The Vatican today announced that Mgr Milingo had returned to the fold, renouncing his marriage and the Moonie religion. According to the Vatican, he has written to the Pope, declaring: "I am your humble and obedient servant."
However final this may sound, the news is unlikely to daunt the determination of Maria Sung, aka Lady Milingo, to get her husband back.
Yesterday Ms Sung, 43, started a hunger strike in Rome to protest against the Vatican's alleged kidnapping of her husband, who disappeared after meeting the Pope last week.
An entourage of television crews followed her visit to St Peter's Square where she prayed inside the basilica, wept beneath the Pope's balcony and wiped tears with a red hanky.
"My period is late. If I am expecting a baby, it would be in the interests of the child to know its father. He would want to know his father."
She intends to sit in St Peter's Square, with a large picture of her husband, from dawn to dusk during the hunger strike.
"If I can't meet him on Earth, I will die and with my spirit I will be close to him. Marriage is still valid even beyond death."
According to the Vatican, Mgr Milingo, 71, who married Sung in a Moonie ceremony three months ago, is in spiritual seclusion at a secret location in Italy.
He needs to reflect in peace, said a spokesman. Which means he should not set foot outside his bolthole because the country is agog at a scandal which has everything: sex, tug-of-love, secret diaries, and a scorned woman battling John Paul II.
In the summer news drought, newspapers and television have seized on the story, feeding daily revelations to a scandalised and fascinated public.
Mgr Milingo was hauled to a desk job in Rome in 1983 because the Vatican distrusted his faith healings and exorcisms in his diocese of Lusaka, Zambia.
"Too African," muttered critics, and he was retired last year, despite enduring popularity in Zambia and Italy.
He was snubbed by colleagues and had a reputation for eccentricity - but nobody expected him to arrive at a New York hotel last May for a mass wedding conducted by the Rev Sun Myung Moon, the founder of the Unification church.
Threatened with excommunication if he did not leave his wife and renounce the Moonies, the archbishop turned up in Italy unexpectedly last week. He met the Pope and told journalists he was torn by indecision. Then he disappeared, and Lady Milingo came to Rome to find him.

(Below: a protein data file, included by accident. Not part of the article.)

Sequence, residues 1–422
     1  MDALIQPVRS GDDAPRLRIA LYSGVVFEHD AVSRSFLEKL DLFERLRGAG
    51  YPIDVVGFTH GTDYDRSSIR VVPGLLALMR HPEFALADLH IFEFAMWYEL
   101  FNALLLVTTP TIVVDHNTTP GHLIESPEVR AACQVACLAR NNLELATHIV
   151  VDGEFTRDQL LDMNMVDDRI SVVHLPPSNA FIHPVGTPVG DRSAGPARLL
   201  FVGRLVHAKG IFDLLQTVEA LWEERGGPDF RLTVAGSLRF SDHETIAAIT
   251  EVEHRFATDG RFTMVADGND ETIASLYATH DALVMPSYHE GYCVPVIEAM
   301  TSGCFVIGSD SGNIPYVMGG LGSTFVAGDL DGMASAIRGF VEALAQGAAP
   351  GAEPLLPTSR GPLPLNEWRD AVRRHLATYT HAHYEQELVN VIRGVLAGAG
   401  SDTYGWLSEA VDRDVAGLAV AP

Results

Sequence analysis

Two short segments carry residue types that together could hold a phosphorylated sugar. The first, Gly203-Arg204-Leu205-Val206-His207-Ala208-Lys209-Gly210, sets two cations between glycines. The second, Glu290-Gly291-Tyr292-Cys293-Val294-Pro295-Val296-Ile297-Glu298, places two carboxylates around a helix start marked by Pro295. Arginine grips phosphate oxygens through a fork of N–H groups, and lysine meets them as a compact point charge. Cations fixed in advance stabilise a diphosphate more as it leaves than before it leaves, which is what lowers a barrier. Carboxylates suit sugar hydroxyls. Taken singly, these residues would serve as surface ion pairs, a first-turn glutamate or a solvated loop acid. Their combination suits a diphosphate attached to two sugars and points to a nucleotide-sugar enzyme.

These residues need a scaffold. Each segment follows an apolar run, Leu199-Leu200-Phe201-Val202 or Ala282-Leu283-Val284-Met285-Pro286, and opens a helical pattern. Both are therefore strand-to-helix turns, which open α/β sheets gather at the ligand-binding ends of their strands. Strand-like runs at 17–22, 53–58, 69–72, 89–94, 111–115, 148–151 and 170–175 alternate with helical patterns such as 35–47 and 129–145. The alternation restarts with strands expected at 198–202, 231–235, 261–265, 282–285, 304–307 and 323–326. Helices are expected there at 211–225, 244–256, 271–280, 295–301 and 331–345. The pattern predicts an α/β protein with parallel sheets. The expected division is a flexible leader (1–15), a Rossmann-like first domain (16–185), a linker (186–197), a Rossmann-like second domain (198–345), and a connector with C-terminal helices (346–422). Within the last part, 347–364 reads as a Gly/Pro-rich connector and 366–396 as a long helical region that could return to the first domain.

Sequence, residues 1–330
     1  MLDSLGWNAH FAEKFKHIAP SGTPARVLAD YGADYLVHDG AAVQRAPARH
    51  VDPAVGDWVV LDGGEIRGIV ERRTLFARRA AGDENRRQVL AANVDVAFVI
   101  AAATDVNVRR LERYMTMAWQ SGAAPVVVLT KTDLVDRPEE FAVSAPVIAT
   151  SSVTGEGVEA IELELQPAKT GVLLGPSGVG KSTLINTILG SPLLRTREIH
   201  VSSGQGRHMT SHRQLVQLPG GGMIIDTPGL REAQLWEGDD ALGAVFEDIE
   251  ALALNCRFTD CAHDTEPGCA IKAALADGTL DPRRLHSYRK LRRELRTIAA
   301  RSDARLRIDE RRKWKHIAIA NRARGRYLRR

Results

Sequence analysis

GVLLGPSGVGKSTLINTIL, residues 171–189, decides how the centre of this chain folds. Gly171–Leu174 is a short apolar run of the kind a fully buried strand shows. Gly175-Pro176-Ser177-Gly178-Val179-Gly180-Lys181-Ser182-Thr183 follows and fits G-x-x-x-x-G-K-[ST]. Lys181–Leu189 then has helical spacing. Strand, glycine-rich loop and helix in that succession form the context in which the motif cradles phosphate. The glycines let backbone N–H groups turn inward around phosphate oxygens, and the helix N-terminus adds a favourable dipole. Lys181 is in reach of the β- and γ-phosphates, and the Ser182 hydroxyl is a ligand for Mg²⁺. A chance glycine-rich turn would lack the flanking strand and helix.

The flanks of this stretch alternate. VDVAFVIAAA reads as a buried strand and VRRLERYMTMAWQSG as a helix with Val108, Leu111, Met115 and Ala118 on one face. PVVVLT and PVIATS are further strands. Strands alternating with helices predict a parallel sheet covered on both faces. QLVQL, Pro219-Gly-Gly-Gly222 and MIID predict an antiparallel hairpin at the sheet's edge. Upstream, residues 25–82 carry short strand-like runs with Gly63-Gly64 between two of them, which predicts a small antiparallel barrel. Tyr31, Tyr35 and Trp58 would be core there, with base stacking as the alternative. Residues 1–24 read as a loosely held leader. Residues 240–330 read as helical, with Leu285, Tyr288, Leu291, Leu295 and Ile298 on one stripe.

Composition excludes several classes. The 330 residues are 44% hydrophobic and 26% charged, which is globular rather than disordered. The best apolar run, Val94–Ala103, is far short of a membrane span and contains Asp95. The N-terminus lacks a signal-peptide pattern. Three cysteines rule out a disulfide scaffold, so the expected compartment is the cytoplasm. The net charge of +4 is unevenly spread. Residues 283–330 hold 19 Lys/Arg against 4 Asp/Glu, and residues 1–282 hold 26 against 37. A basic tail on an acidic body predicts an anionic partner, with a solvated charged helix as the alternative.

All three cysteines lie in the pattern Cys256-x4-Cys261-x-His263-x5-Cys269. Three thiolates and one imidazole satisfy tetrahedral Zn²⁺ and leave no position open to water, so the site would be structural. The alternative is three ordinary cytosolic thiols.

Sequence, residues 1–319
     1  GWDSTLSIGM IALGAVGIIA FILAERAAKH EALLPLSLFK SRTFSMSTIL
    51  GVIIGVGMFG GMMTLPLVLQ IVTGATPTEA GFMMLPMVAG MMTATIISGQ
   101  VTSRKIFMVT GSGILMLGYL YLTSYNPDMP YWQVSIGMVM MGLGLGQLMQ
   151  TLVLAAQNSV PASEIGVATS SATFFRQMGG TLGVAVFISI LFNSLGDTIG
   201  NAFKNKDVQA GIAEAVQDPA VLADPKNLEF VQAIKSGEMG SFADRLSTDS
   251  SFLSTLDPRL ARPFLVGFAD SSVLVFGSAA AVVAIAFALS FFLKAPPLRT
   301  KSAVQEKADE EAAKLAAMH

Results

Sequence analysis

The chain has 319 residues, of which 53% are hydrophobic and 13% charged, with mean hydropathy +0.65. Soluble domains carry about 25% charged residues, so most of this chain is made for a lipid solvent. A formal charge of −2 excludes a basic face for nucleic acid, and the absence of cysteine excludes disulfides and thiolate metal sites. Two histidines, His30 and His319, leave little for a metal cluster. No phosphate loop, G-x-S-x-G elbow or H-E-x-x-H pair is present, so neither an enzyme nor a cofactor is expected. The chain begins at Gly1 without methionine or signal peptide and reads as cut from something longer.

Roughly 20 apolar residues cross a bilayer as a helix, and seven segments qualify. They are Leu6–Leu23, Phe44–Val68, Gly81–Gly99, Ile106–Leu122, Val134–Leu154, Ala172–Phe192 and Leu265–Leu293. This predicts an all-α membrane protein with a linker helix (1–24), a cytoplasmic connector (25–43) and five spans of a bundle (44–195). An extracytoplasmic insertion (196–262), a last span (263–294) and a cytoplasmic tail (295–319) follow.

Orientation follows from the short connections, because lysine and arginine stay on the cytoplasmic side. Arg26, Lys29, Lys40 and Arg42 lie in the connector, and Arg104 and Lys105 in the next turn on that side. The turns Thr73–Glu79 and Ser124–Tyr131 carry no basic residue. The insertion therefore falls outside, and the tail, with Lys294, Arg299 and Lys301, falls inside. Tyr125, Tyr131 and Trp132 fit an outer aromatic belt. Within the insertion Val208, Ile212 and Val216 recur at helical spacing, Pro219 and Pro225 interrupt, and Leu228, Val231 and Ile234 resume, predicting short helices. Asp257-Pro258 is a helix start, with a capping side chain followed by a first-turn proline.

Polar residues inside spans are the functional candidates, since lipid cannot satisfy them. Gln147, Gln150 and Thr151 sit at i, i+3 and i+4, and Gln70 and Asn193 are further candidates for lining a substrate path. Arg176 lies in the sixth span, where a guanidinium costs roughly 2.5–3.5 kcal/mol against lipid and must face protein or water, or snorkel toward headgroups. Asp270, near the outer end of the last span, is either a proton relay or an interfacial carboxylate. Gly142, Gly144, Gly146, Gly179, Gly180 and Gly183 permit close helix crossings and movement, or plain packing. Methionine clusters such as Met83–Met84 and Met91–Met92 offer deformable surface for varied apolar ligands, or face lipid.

Have they consummated the marriage? A prurient question, but a "yes" could turn what is currently a Vatican public relations disaster into a catastrophe.
The Milan daily Corriere della Sera quoted the South Korean acupuncturist as saying that they had not had sex. But she told other journalists they had, and promised to have a pregnancy test - suggesting the Pope could be blamed for breaking up a marriage and effectively rendering a child fatherless.
Smartly dressed and chaperoned by aides from the Unification church, between bouts of weeping Ms Sung has shown a dignity and resolve which makes her a formidable operator.
She is merely a woman in love who wants her husband back, she says. "He is not the private property of the Catholic Church."
It is a battle of public relations and will. Ms Sung's credibility is strained by the fact that she met her spouse just three days before the wedding, which apparently was not registered, and had no shared language.
Her cause, several Italian journalists have privately said, would be helped if she was "bella". But she is not doing badly. She has kept the initiative through the hunger strike, press conferences and interviews. Her visit to St Peter's was orchestrated, right down to the eight-minute prayer in front of the altar and photo-ops outside. Mgr Milingo's diaries, which criticise some prelates, have been made public.
She dismissed a Vatican delegation which brought a letter in which her husband allegedly dumped her and begged forgiveness for his "mistake" in marrying her, and said that she would speak only with the archbishop.
The Vatican says it is enduring these tribulations because it is in the business of forgiving, and wants to welcome a prodigal son back into the fold.
Cynics suggest the real reason is the fear that Mgr Milingo could deploy his popularity and Moonie dollars to start a rival church in Africa.
Many cardinals are said to have been appalled that John Paul agreed to meet the Zambian, and lifted the threat of excommunication. Those blunders would have been avoided had not the Pope's formidable spin doctor, Joaquin Navarro-Valls, been on holiday.